In professional hockey, faith and religion can be seen as a liability, with some players carrying an attitude that, "hockey is a physical sport; there's no place for religion in hockey." Former players note that hockey dressing rooms can be an intense cauldron of emotion. Things that stand out are often noticed and commented upon in a negative way, from a different haircut to a new pair of shoes. The machismo and male bonding rituals that accompany the game leave little room for individual expression that is out of the norm.
Chapels and Faith in the Stadium
Other major pro sports seem to have a more open and tolerant attitude toward faith or at least toward the Christian faith. Players in the National Basketball Association (NBA) have a long tradition of attending joint chapel worship, with the home team's chaplain leading the service before the game. The Los Angeles Clippers made news in 2013 when they held an exclusive and separate chapel session prior to a heated game with their instate rivals, the Golden State Warriors.
Every major league baseball team in the country has a chapel for players to visit. While some 23 of the 30 teams in the National Hockey League (NHL) officially report religious facilities, only about one-third of those that claim to have one on-site acknowledged the presence of the chapel at the team's headquarters when asked by a reporter.
While the Christian faith may be becoming more accepted and open among big league hockey players, there remain dozens of faiths unrepresented on the ice. Whether aligned with a particular religion or unaffiliated, the society that the league is a part of becomes more diverse, and perhaps more open, about matters of faith and the spirit.
Much as in the real world, the faith of the characters informs much of the action and events of the fictional kingdom of Westeros (and its neighboring territory, Essos) in the hit series "Game of Thrones." A follower traces the major religions of the story's world, finding it similar in broad outlines at least to the major religions of Earth.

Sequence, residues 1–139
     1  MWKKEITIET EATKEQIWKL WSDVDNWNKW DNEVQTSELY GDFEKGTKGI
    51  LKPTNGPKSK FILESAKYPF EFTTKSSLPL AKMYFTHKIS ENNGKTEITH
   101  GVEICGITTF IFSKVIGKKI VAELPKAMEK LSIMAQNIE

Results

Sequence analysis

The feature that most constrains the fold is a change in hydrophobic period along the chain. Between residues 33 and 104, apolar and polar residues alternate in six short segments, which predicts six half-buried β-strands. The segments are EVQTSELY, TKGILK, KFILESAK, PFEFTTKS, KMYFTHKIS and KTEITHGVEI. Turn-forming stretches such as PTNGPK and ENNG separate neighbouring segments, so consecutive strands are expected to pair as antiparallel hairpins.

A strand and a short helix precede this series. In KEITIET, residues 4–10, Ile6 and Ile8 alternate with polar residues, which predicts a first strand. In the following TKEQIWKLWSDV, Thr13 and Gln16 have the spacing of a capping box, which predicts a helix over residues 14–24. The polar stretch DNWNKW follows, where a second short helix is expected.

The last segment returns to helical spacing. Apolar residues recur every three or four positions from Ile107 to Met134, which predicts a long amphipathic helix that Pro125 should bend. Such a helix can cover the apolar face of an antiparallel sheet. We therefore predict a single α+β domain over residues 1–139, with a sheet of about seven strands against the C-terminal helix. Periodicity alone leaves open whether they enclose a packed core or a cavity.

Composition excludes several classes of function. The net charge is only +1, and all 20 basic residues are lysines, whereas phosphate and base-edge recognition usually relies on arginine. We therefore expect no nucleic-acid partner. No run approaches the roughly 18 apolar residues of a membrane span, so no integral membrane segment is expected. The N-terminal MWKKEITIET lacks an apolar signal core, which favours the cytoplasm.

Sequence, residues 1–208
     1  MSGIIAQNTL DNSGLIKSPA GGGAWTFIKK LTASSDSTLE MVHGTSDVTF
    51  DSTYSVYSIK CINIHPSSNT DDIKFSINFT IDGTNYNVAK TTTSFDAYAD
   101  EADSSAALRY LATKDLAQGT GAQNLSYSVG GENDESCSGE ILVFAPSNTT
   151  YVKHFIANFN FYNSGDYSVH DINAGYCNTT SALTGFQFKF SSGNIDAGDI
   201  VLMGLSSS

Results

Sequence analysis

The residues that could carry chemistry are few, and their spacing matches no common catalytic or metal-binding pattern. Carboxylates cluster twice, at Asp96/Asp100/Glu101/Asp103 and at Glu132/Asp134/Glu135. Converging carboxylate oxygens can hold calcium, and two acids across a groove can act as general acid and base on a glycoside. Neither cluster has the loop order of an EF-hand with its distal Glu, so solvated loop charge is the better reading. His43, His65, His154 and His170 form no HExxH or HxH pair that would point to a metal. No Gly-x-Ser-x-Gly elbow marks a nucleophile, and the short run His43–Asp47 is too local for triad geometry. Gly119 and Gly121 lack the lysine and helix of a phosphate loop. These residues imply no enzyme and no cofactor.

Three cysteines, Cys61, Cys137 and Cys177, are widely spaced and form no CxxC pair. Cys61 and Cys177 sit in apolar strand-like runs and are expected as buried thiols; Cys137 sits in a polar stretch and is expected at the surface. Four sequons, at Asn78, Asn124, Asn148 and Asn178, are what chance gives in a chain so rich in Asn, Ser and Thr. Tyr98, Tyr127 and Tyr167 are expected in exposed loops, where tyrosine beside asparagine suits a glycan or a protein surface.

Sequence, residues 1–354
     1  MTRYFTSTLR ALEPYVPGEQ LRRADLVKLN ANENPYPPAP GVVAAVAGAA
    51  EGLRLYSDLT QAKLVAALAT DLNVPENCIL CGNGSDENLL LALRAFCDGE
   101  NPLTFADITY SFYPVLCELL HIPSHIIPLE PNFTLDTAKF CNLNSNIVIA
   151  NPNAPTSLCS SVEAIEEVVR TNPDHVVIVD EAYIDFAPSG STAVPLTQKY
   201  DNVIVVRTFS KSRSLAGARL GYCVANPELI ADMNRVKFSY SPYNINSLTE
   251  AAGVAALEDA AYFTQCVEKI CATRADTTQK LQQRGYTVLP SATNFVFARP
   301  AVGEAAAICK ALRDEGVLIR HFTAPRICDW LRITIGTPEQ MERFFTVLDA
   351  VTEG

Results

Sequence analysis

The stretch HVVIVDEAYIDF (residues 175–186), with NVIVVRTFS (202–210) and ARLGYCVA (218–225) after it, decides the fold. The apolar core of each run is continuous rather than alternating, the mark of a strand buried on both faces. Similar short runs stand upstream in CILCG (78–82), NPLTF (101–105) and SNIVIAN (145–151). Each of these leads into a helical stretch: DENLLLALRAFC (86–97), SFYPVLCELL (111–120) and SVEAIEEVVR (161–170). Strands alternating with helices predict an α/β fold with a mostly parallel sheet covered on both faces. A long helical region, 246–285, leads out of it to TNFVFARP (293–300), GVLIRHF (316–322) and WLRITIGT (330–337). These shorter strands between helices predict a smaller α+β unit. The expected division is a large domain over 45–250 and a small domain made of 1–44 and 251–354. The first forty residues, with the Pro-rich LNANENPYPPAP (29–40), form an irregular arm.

The old gods still have ardent believers in the north. As the storyline progresses, characters swear oaths before a heart tree, pray in old groves of woods consecrated to the gods, and even talk to men in trees. Similar to pagans or druids in the world, the faith has elements of a religion without an organized structure and hierarchy, as seen in many other churches.
The Faith of the Seven and the Red God
The book of scripture called "The Seven-Pointed Star" has followers in the south of the country. Much faith is based around the concept of the seven-sided nature of God in this faith, including the elements of seven identities in one God that the faith recognizes:
- The Mother
- The Maiden
- The Crone
- The Father
- The Warrior
- The Smith
- The Stranger
Believers pray and sing to any or all of the faces of God, whom they generally see as one being containing many aspects.
Varieties of Religious Experience
While the faith of "The Seven-Pointed Star" is the dominant religion throughout much of the kingdom, there is a growing presence of followers of the Lord of Light, R'hllor, who is locked into battle with his antithesis, the Lord of Darkness. The old gods' followers are generally able to accommodate the newer beliefs from the South, but the two organized religions tend to clash.
As an expert on religion in the world of the story notes, "the more regions you visit, the more gods you come across and some say that all these gods are just different incarnations or different cultural interpretations of the same god." Similarly on Earth, the more that one travels, learns and experiences other cultures, the more one sees a wide variety of faiths. Even in a country that is Christian on the surface and in the majority, there exists a diversity of beliefs and faiths that fill the space that is defined as religion.